TOGO: Diges Group to assist government in providing drinking water infrastructure

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TOGO: Diges Group to assist government in providing drinking water infrastructure ©Adam Jan Figel/Shutterstock

The Togolese government has recently signed a partnership agreement with Diges Group, a South African company involved in various engineering activities. The company will support the government on its drinking water projects.

Diges Group officials recently participated in a meeting with Antoine Lekpa Gbegbeni, the Togolese Minister of Water, Rural Equipment and Village Hydraulics. The objective of this meeting was to sign a partnership agreement between the South African company and the Togolese government. The agreement covers future drinking water projects, on which the company promises to support the authorities, particularly regarding the modernisation of drinking water supply systems.

“The new technology we are proposing is more like elevated steel water towers. The construction and installation period for these reservoirs is two to three months and this will reduce costs and increase production for the population,” says Nthangeni Nwendamutswu, Director of Business Development at Diges Group. The signing of the new partnership comes after the South African company’s delegation visited several drinking water infrastructures throughout Togo.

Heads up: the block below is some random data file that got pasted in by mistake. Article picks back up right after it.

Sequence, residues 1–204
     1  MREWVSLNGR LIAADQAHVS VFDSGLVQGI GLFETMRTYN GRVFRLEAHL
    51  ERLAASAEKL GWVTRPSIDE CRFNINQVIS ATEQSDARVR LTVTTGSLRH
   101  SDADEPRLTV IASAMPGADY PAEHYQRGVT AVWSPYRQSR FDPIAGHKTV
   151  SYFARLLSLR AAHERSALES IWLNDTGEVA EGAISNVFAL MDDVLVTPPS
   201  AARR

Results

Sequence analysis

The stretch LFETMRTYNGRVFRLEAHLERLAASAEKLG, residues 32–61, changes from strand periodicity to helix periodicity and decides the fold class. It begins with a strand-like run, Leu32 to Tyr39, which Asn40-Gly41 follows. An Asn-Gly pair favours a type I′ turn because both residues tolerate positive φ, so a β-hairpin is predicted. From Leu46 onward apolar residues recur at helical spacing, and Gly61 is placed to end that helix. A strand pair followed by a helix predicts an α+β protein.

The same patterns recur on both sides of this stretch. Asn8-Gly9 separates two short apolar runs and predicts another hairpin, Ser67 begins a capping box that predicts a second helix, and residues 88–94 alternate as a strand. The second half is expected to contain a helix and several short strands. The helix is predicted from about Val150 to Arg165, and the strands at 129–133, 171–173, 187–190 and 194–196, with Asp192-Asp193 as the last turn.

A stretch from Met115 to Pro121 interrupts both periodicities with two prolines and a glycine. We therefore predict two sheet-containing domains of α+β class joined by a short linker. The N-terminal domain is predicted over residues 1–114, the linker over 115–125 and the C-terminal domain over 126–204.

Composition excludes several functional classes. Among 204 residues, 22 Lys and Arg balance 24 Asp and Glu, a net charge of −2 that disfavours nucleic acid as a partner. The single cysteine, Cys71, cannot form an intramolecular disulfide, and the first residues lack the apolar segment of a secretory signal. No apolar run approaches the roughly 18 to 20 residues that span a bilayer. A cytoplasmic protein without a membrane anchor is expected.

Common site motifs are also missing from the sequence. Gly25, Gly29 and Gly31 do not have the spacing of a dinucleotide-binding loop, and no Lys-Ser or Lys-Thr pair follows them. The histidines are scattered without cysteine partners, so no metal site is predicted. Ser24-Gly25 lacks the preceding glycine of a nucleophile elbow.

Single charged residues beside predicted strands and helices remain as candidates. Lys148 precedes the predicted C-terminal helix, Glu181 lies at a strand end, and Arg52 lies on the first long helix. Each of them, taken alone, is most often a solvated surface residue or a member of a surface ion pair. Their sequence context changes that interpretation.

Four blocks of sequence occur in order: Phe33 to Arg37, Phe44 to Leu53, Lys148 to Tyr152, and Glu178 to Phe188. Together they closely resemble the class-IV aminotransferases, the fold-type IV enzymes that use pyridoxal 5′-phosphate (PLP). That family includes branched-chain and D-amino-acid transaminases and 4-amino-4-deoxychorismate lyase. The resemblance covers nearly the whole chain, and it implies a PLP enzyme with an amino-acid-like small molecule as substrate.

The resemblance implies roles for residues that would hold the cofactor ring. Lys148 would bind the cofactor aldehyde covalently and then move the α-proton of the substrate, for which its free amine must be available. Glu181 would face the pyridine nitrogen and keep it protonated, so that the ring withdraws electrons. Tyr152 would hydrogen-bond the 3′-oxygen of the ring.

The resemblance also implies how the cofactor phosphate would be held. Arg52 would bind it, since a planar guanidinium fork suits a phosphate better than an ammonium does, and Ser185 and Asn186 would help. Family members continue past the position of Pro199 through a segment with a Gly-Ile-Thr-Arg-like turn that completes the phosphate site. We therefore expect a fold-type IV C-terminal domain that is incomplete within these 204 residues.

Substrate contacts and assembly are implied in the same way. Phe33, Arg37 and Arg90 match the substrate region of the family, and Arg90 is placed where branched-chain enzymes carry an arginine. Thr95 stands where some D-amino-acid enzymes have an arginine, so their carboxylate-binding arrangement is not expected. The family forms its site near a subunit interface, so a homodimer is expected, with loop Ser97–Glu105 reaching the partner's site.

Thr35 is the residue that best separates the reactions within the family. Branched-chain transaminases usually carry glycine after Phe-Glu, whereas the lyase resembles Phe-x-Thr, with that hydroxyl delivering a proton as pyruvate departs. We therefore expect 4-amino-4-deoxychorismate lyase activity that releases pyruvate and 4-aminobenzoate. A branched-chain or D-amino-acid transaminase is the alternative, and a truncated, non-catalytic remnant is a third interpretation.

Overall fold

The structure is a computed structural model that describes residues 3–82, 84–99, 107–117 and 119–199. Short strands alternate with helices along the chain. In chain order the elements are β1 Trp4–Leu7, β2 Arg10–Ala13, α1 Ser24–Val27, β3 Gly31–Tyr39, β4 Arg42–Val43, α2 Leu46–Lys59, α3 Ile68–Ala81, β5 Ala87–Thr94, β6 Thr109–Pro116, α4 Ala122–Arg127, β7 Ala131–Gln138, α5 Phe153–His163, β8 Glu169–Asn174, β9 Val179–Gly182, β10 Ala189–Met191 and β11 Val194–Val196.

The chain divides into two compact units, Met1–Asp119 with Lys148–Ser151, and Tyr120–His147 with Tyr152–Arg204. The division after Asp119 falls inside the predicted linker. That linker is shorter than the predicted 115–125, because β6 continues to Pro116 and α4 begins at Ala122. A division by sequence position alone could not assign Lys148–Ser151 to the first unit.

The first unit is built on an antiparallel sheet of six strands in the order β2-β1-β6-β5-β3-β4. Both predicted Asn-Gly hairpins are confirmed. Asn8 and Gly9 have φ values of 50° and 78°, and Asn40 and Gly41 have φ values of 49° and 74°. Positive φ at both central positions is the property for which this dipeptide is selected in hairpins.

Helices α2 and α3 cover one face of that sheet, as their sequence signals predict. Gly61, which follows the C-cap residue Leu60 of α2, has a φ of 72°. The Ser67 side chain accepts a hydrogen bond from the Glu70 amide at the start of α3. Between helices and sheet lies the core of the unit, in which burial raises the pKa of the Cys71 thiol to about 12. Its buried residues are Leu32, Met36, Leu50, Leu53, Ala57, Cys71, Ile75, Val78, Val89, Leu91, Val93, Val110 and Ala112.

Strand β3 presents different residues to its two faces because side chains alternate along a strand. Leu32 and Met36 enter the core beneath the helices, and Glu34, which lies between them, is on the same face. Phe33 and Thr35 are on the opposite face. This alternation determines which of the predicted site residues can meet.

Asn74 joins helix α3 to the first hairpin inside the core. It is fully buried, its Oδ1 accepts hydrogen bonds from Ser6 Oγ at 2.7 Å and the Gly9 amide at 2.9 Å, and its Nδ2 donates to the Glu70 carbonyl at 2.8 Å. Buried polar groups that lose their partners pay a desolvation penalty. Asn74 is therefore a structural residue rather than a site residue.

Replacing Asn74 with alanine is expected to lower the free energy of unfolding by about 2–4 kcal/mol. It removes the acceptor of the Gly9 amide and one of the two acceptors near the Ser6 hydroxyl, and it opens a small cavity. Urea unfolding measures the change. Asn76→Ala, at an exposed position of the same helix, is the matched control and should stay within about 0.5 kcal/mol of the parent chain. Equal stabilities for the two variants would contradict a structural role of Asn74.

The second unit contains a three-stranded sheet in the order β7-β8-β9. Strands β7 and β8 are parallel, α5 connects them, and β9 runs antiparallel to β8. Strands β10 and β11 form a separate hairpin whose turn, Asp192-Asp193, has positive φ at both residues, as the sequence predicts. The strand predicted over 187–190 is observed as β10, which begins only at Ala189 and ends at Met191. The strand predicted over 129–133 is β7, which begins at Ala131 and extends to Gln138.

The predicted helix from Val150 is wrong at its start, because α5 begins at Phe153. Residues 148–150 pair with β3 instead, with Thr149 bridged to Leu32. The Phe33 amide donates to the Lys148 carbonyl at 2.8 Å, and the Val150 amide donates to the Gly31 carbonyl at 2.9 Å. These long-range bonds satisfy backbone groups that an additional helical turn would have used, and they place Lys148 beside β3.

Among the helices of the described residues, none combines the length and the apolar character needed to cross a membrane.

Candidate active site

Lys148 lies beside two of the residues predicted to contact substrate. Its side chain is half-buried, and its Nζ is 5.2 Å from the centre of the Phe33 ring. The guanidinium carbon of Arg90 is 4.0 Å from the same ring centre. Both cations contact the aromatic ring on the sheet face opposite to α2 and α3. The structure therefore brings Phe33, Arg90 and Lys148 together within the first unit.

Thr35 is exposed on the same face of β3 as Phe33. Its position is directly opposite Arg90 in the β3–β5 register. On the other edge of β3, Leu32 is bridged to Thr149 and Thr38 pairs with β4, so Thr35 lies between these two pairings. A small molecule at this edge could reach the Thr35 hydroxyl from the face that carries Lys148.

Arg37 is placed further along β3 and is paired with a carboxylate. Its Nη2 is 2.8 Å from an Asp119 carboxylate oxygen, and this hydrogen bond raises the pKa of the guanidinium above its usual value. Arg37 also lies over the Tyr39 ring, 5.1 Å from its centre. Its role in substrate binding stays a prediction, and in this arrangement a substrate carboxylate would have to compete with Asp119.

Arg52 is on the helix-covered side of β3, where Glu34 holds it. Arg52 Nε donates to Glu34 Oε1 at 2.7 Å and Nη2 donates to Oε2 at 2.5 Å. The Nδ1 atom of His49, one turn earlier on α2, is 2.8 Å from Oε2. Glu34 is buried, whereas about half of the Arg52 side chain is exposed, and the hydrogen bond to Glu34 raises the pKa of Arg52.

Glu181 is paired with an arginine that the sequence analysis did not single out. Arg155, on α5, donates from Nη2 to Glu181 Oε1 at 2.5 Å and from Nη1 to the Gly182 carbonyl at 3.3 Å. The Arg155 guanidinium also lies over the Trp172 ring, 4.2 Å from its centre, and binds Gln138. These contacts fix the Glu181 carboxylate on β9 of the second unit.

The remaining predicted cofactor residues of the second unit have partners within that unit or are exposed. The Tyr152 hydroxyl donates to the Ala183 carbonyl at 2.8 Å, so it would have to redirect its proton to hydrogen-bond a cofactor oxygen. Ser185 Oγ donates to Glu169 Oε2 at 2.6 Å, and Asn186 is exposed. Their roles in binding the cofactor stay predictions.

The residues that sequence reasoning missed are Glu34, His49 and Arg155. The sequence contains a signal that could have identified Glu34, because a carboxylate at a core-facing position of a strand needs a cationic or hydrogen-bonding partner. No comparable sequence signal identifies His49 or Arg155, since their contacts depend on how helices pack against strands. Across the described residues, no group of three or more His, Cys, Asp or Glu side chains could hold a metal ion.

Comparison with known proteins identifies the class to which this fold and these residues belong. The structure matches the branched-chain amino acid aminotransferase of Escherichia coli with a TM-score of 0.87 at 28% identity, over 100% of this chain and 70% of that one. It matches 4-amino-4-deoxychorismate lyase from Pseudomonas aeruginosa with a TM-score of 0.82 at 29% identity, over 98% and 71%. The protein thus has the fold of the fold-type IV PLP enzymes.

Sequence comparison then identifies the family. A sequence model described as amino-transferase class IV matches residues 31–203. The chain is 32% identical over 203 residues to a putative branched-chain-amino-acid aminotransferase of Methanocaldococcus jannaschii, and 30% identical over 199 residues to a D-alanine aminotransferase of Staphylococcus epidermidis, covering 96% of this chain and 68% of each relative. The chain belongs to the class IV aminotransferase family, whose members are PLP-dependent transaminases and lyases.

According to the news site In Togo, the objective of this preliminary visit was to gather observations in order to formulate recommendations and suggestions for the improvement of the drinking water supply system and the sustainable management of water resources in Togo. The collaboration between the Togolese government and Diges Group is starting as several initiatives are underway to boost access to drinking water, particularly in rural and semi-urban areas.

Recently, the authorities inaugurated three mini drinking water pipes (WSP) in the localities of Dikamé, Abobo-Kpoguédé and Amoussoukopé. A few months ago, several drinking water wells and sanitation facilities were commissioned in 69 cantons in the Savannah region of northern Togo. These infrastructures are part of the Project to Improve Health Conditions in Schools and Rural Areas, financed to the tune of CFAF 4 billion (€6 million) by the French Development Agency (AFD).

According to the Togolese government, only 65% of people living in rural areas have access to drinking water. This rate drops to 57% for semi-urban areas. With regard to adequate sanitation services, only 11.85 per cent of the population (2013) have access to latrines.

Jean Marie Takouleu


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